What is the legal definition of a road? What is the legal definition of a road?

  • A. Any sealed or unsealed street or highway, whether there are lines painted or not

  • B. Any area the public have access, including streets, highways, riverbeds, beaches, wharves and car parks

  • C. Streets and highways with painted lines to indicate lanes

    The correct answer is B
    The definition of a road is quite broad. It includes streets, motorways, beaches, a place to which the public have access (whether as of right or not), bridges, culverts, ferries, fords that form part of a street or motorway, and all sites where a vehicle may be weighed for the purposes of the Land Transport Act. The definition includes locations where there are access to operations such as distribution centres with fenced forecourts but when the gates are open.

The legal definition of a road in New Zealand

Car parks, wharves, riverbeds, beaches, road shoulders and bridges are included in the definition of a road. Streets, ways, highways, public highways and public roads are simply words that mean a road of a certain kind. A place to which the public have access, whether as of right or not.

With them being designated a road it allows NZTA to apply rules to them to keep people safe, restrict certain vehicles and certain usages, and protect certain areas. For example, beaches are specifically included as roads so that speed limits and road worthiness can be enforced.

There can often be some confusion over what people think a 'road' is, and what the actual legal definition of a road is. 

The original definition of a road comes from English common law that was put into practice in New Zealand. A very simple test is used: is there a right of way or right of passage granted to the public by the land owner? It was the permission for public use that was the important part; a legal road could be owned by a private individual but given for use by the public.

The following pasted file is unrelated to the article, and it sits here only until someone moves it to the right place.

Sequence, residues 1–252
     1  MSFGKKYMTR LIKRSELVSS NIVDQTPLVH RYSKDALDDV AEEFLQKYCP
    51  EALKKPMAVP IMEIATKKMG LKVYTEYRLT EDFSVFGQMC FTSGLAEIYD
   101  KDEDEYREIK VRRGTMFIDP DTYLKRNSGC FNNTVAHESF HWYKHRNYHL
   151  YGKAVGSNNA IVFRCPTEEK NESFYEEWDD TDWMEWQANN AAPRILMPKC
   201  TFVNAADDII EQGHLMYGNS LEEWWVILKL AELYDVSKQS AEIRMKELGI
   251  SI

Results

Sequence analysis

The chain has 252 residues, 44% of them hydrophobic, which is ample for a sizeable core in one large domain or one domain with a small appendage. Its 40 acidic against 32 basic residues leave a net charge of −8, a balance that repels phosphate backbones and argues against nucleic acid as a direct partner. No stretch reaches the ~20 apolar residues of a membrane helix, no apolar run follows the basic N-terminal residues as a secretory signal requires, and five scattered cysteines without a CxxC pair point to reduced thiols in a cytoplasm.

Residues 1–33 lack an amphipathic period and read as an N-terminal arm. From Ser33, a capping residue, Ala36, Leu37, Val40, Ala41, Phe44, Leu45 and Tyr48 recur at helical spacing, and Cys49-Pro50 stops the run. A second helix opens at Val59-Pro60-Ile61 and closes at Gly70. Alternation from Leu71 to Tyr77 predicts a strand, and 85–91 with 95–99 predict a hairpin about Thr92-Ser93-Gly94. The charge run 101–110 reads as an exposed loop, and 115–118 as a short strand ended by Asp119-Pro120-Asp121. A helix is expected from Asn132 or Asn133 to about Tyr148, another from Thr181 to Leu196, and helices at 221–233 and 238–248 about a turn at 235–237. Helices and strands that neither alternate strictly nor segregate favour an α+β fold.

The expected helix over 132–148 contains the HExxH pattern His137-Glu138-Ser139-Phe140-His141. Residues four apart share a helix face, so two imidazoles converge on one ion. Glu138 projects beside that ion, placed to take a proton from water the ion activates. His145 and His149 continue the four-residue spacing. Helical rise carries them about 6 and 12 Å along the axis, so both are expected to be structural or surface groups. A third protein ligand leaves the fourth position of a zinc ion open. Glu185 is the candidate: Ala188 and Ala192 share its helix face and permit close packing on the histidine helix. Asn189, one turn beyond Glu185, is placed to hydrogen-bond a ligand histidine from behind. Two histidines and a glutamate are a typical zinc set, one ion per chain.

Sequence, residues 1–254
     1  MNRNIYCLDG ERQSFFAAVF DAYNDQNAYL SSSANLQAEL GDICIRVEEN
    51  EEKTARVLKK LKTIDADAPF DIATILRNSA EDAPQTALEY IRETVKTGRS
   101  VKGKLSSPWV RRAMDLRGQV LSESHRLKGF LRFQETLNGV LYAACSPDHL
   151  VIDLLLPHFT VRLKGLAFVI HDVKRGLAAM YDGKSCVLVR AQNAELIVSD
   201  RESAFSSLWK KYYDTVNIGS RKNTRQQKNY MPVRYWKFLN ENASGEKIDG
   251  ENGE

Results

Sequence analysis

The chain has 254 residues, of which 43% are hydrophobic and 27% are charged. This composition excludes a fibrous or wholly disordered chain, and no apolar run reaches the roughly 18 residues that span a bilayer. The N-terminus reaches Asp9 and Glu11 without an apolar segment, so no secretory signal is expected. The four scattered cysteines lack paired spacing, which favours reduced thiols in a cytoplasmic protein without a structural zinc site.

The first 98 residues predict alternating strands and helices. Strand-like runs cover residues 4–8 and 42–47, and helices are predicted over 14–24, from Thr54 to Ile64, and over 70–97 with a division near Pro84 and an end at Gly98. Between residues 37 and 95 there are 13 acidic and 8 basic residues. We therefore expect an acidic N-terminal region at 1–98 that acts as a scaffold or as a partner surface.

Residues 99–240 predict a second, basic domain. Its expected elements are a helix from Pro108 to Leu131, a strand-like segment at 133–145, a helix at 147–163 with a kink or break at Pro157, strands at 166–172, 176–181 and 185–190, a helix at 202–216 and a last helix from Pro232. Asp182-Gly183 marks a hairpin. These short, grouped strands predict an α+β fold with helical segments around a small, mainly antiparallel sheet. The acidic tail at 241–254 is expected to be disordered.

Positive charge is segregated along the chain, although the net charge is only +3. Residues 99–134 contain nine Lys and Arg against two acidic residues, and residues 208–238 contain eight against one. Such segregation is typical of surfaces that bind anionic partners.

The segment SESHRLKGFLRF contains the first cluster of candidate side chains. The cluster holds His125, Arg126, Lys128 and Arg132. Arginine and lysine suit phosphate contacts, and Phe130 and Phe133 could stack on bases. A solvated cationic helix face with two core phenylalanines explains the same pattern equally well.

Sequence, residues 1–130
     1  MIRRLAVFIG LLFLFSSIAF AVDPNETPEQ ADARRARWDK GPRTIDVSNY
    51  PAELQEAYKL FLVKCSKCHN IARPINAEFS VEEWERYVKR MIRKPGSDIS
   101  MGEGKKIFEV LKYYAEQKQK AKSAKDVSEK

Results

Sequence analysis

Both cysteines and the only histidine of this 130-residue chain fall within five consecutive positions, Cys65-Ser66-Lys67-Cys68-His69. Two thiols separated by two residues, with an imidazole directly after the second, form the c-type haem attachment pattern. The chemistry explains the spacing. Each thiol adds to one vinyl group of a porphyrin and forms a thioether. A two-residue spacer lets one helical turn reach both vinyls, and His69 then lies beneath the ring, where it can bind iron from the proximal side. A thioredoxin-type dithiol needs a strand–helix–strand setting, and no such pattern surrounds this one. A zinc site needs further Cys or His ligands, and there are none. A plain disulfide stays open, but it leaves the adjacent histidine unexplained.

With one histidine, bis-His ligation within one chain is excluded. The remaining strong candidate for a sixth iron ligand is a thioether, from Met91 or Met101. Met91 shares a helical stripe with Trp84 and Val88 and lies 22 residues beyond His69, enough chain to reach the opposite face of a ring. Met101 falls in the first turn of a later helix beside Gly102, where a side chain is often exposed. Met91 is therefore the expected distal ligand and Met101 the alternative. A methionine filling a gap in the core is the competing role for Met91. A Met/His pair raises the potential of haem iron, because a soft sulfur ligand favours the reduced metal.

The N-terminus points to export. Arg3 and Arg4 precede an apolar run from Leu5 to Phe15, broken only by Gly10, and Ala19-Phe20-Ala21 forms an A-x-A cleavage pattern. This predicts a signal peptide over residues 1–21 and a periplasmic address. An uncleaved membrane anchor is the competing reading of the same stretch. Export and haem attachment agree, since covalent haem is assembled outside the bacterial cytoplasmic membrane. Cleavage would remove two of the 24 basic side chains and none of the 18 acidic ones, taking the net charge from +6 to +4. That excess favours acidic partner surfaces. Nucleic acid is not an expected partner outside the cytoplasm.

The modern definition of 'use' means that the public in general must have access, not just a section of them, and that the road must be being used by the public.

Once you have this rule then you can prevent people from interfering with the rights of road users to use the road and travel from one place to another.

There were three types of roads:

Even though roads are fairly well defined now, there are still facets of the law that make it difficult to be black and white about what is a road and what isn't a road in some circumstances. The Acts that define what a road is don't grant rights of access or passage, they simply seek to define what is allowable should the public have rights of access or passage.

Definition of a road for insurance purposes

Your insurance company might have a completely different definition of what a road is. For example, a specific beach might be a road but if you get your vehicle stuck on it and the tide washes through it writing it off, you might not be insured for a number of reasons (driving off-road, driving recklessly, etc) - insurance companies tend to have a large number of exit clauses. Be sure to check your policy if you want to do any 'off-road' driving, especially if it involves driving through streams or rivers.

The following image shows part of a beach that is being used by vehicles as a road.

beach road

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